6. STACEY DASH WAS ALMOST TRE’S LOVE INTEREST.


The role of Brandi launched Nia Long’s career as an actress, but she wasn’t the only person to read for the part. Brent Rollins—a college friend of Singleton’s and the designer of the film’s logo—wrote about how he was there when Stacey Dash auditioned. A few years later she became well known as Dionne in the very different LA-centric film, Clueless.

Cuba Gooding Jr. said that there were other familiar faces there at the time of his audition, including Shemar Moore and the Wayans Brothers, but he did not say which roles they were reading for.

7. THE FILM INCLUDES HOMAGES TO STAND BY ME.


In an interview with Jog Road Productions, producer Steve Nicolaides revealed that Singleton wanted him to produce the film because of his previous work on one of Singleton’s favorite films, Rob Reiner's Stand By Me. Reiner picked up on Singleton’s choice to mimic a fade out effect on one of the main characters at the end of the film. “It was an homage,” Nicolaides told Reiner during the making of A Few Good Men. “I mean, the fat kid wears a striped shirt in it, too.”

Another element that the films share is the invitation to “see a dead body.” Singleton says that he hadn’t actually seen a dead body growing up.

8. THERE’S A SLIGHT DISS AIMED AT N.W.A.

By the time he was cast in the film, Ice Cube had already left the rap group N.W.A because of issues with royalties and his interest in pursuing a solo career. There was some bad blood between Cube and his former bandmates, so Singleton decided to throw in an inside joke, which he revealed in the DVD commentary. He had the rapper bring old Eazy-E shirts to the set, and in one scene a crack addict wearing one of the shirts runs by and tries to steal the character Dooky’s gold chain, but he is caught and swiftly punished.

The real Eazy-E would later tell SPIN magazine that Boyz N the Hood reminded him of a “Monday after school special with cussin’,” adding that Ice Cube was only being used to sell the film.

9. SHOOTING ON LOCATION HAD SOME OF THE CREW ON EDGE.

All of Boyz N the Hood was shot in the houses and on the streets of South Central. Even though Singleton and others in the cast and crew called the neighborhood home, filming there was a bit more unpredictable than filming on closed sets. “The set was about 10 blocks from my house,” Nia Long said. “I could have walked, except that probably wouldn’t have been the safest thing to do.” Cuba Gooding Jr. said that there were fistfights and threats everyday, and Singleton said in his commentary that after an altercation, there was a threat of gun violence by local gang members. The film crew requested that a van be parked behind them while filming so that if a drive-by did happen, they would be safe.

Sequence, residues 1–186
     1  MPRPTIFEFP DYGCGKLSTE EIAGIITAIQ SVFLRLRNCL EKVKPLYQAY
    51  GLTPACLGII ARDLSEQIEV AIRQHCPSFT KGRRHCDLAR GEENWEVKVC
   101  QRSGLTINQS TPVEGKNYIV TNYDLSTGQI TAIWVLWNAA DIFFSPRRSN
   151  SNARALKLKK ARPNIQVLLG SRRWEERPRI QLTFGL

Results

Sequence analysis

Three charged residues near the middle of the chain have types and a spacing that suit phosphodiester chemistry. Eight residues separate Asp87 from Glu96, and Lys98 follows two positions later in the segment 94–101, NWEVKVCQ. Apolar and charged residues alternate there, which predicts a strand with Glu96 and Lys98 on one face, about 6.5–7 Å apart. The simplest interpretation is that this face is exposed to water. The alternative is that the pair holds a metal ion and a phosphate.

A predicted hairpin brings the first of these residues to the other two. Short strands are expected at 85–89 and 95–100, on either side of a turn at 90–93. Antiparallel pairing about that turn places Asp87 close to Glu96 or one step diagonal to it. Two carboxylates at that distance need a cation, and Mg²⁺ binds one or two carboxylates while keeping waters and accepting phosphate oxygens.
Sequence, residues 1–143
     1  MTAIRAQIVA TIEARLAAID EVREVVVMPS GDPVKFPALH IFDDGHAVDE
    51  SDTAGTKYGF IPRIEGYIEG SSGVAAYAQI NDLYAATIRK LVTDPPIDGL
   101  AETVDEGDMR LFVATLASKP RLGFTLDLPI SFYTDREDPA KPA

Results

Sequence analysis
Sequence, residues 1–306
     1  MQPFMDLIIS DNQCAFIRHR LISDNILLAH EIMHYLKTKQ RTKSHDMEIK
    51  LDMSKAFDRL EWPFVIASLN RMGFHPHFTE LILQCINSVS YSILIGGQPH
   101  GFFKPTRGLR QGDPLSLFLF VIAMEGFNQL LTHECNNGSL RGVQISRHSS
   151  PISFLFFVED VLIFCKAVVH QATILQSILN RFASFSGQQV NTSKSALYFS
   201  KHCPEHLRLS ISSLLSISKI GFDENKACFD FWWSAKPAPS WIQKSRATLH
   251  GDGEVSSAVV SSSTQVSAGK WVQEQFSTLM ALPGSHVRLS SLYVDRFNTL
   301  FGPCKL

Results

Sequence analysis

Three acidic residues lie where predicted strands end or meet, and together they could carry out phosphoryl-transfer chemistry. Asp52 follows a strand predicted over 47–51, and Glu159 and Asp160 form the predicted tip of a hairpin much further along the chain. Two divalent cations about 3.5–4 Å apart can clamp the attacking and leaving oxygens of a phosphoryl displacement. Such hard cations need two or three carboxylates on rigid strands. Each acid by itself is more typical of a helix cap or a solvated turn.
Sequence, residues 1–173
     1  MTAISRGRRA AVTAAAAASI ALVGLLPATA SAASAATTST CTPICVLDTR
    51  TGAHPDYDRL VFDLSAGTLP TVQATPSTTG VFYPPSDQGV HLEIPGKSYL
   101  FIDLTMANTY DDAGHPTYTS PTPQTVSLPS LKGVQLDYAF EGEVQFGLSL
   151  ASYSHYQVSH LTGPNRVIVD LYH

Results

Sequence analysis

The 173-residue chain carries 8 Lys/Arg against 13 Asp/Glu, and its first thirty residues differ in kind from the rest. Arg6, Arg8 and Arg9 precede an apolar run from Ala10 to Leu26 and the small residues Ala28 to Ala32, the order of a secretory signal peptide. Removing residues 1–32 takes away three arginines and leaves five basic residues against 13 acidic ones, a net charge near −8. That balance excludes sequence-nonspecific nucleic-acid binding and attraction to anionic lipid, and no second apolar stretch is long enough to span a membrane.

Singleton used the dangers of the neighborhood to ramp up tensions. In one scene, the characters are supposed to react to rapid gunfire on a crowded Crenshaw Boulevard, but Singleton did not tell them when it was coming. The only direction he gave was for Ice Cube to drive off in his 1964 Chevy Impala when he heard the shots. In his commentary, the director said that genuine reactions to the noise are what created the perfect chaos on screen, with characters running, ducking, and falling over each other.

10. EVERYONE COULD FEEL THE EMOTION IN THE SCRIPT.

In his commentary, Singleton admitted that he cried while writing Doughboy’s monologue for the end of the film, which includes the iconic line “either they don’t know, don’t show, or don’t care about what’s going on in the ‘hood.” Cube has said that the scenes where he is supposed to cry were the hardest for him because he was used to burying his feelings. Gooding was not as composed. He once punched a hole in a wall during an emotional day and the crew had him sign it. In the DVD documentary, Fishburne said that he cried while reading the script, and Long said that after filming the scene where Tre punches at the air in frustration, she left the set to cry outside.

11. THE MOST ICONIC SCENE WAS THE MOST DIFFICULT FOR MORRIS CHESTNUT.

Morris Chestnut said that his first film role is the one that he is recognized most often for, and it’s all thanks to the alley scene. Dropping your milk and scratch-offs and trying to run from a shotgun blast (in slow motion) sounds difficult enough, but Chestnut said in an interview with The Huffington Post that the technical side of the scene required more focus than the acting. “The stunt coordinator was telling me ‘Listen, when you run, make sure you keep your head up.’ Because if you put you head down, those [squibs] could explode in your face ... so I was very nervous.”

12. IT BOOSTED SALES FOR MALT LIQUOR BRANDS.

Hip hop has a long and complicated history with the alcohol and tobacco industries. Showing characters drinking 40-ounce bottles on screen, though a reflection of real life, caused sales to skyrocket. A Los Angeles-based distributor of St. Ides was forced to ration his stock following the film’s release because of increased demand.